Variously loved and hated by children and adults of all ages, Teletubbies is undoubtedly one of the most successful Children's TV series of all time. It is considered 'poor viewing' for kids from some rather stuffy adults, who must have forgotten they were brought up on Bill and Ben.
Teletubbies was filmed in Warwickshire, UK, near Stratford-upon-Avon, this pre-school TV show stars four loveable larger than life puppets:
|Dalmation effect hat
In the year 2020 alien spacecraft destroy NASA's Mars Expedition! The evil Zelda and her android minions set up base on Mars and begin plotting Earth's destruction. Who is left to stand in her way? Doctor 'Tiger' Ninestein and the Terrahawks, that's who!
Tiger Ninestein's elite force:
- Captain Mary Falconer
- Captain Kate Kestrel
- Lieutenant Hiro
- Lieutenant Hawkeye
- Sergeant Major Zero
- Space Sergeant 101
- The Zeroids
Together they form the Terrahawks, whose mission is to stop Zelda's invasion.
One of the many popular puppet series from the Gerry Anderson stable
Thunderbirds was made by Gerry and Sylvia Anderson's Century 21 Productions in England from 1964 - 1966. There were 32 episodes altogether.
The year is 2063. An intrepid astronaut called Jeff Tracy has formed a secret organisation called International Rescue. They monitor signals from space and, when needed, launch their THUNDERBIRD craft to help. They are all secretly based at Tracy Island, somewhere in the Pacific.
Piloted by Scott Tracy: a rocket, launched from underneath the swimming pool. It is always first on the scene, and is used to assess and co-ordinate the rescue.
Piloted by Virgil Tracy: this is the workhorse, rolled out and launched from a secret door in the cliff the family home is perched on. It can carry a variety of pods in its belly. Each pod contains useful equipment including vehicles used for rescues.
Piloted by Alan Tracy: a spaceship, launched through the center of the round house. It is used mainly for ferrying to and from Thunderbird 5, but also for any space mission.
Piloted by Gordon Tracy: a submarine, usually carried in one of Thunderbird 2's pods. It is used for underwater missions. It is equipped with an assortment of tools.
Usually manned by John Tracy, occasionally swapping with Alan, is a space station. This is used for monitoring literally everything.
The Thunderbirds meet many challenges, including those created by their arch-enemy The Hood, an evil criminal genius, and the Zombites, a lost race of people. They are helped by Brains, who is the boffin who thinks up all their rescue plans; Kerano, the servant, who often falls under his evil half-brother, The Hood's, control; Kerano's daughter, who helps Brains; and, of course, their London agent Lady Penelope, who has a pink Rolls Royce (registration FAB1*) driven by her chauffeur Parker, an ex-criminal with many useful skills.
The Woodentops, 1955
The Woodentops joined the Watch with Mother line-up in 1955. They were a big part of what made Fridays fun for people too young to crave the end of the work week. They were a very nice family of crude puppets, who resembled clothes pegs.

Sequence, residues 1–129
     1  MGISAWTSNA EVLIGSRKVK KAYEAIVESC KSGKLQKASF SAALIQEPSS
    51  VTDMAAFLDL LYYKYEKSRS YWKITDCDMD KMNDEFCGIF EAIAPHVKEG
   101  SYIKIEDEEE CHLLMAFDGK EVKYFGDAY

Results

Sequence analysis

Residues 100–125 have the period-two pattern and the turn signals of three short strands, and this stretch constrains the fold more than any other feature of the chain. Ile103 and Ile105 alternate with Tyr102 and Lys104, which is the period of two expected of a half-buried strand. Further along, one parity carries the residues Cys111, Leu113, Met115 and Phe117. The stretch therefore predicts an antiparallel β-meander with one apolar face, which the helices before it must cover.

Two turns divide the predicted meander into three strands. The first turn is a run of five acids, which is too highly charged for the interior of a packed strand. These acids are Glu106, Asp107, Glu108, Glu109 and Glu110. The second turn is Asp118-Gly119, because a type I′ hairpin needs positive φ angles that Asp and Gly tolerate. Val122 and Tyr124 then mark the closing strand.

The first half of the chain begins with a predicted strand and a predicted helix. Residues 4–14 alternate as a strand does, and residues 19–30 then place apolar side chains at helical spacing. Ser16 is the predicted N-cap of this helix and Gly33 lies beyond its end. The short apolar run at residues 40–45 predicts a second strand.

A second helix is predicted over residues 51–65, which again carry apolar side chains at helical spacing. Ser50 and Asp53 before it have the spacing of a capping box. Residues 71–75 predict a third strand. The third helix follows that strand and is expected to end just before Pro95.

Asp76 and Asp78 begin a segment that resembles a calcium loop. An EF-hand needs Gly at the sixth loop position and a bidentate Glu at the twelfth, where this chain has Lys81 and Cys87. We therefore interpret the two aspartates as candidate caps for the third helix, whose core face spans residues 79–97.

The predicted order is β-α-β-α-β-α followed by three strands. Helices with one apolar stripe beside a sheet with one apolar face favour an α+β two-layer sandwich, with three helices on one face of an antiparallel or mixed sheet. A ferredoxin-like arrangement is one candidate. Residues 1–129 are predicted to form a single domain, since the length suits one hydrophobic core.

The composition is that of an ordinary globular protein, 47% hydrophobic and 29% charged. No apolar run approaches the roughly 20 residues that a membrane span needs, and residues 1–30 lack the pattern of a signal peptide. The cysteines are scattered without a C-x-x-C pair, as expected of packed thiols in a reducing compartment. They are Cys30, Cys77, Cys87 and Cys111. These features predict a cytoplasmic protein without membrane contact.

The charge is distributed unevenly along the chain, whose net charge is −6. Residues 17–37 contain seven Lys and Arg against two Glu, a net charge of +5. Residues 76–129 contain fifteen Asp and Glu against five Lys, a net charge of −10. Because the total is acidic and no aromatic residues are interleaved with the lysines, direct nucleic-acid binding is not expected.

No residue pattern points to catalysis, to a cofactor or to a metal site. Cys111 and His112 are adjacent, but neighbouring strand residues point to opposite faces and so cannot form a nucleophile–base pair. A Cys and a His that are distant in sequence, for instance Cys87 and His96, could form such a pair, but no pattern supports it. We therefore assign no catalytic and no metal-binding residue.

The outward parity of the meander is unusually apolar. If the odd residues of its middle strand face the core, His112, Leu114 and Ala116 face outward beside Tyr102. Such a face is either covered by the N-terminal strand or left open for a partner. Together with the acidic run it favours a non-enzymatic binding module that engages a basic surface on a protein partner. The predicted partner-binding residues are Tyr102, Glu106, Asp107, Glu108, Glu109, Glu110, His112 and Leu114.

The Woodentops were endearing, mainly because they sounded like real people (Except Spotty dog, of course). They had simple rural adventures, that were appealing, because they were comprehensible. As a child, it was easy to imagine yourself helping Daddy Woodentop mend a fence; or help Mummy Woodentop and Mrs. Scrubbit bake bread; and who wouldn't love a giant talking Dalmation like Spotty Dog , who could wave bye-bye with his ears?
The soothing piano theme music was capable of making you forget whatever mayhem you were presently engaged in. Then a 'Perfect Mummy' voice introduced the Woodentops:
'This is the story about the Woodentops. There was Mummy Woodentop and the baby; and Daddy Woodentop; then there were Willy and Jenny, the twins; and Mrs Scrubbit, who comes to help Mummy Woodentop; and Sam, who helps Daddy Woodentop; and last of all... the very biggest Spotty Dog you ever did see! And they all lived together in a little house in the country...'
Zig and Zag, 1990s
Now these two characters may seem to be somewhat contemporary to those of you who don't have access to Ireland's national TV stations, where they made their original appearance. They started off as support on children's afternoon TV with their human sidekick Ian Dempsey. The show was called Dempsey's Den, but after Ian left it simply became 'the den' or 'den TV'.
Zig and Zag come from the planet Zog and both have Zogabongs on their heads. They have a pet puppy called Zuppy, and one of their friends was Dustin the turkey, a cross between a turkey and a vulture, though he only claimed to be a vulture around Christmas time!
Zig is a beigy-fawn-cream colour and Zag is mostly purple/red with green spots. Zig tends to be the more infantile of the pair. They were a tremendous hit with the kids, but especially with college students, who would regularly miss afternoon lectures just to watch them do their stuff. Actually the puppet masters were themselves students at the time.
Their popularity was such that they made appearances on other mainstream TV and radio programmes. Eventually, their success led to them being poached by Channel 4 for their breakfast TV, and they've also been hosts on MTV Europe. They've had No 1 hit records too. They are back with a show Too Phat on Irish TV again with another of their human sidekicks Ray Darcy.